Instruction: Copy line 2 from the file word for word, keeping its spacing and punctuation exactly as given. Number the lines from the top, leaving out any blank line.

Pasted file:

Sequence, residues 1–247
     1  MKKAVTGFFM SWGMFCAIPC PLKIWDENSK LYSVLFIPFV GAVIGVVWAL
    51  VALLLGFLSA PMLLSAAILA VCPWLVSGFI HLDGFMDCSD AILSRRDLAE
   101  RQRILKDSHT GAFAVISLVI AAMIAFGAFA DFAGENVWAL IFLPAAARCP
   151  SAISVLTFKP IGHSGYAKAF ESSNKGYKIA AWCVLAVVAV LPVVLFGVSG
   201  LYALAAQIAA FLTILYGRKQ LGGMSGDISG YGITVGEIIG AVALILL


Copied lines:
     1  MKKAVTGFFM SWGMFCAIPC PLKIWDENSK LYSVLFIPFV GAVIGVVWAL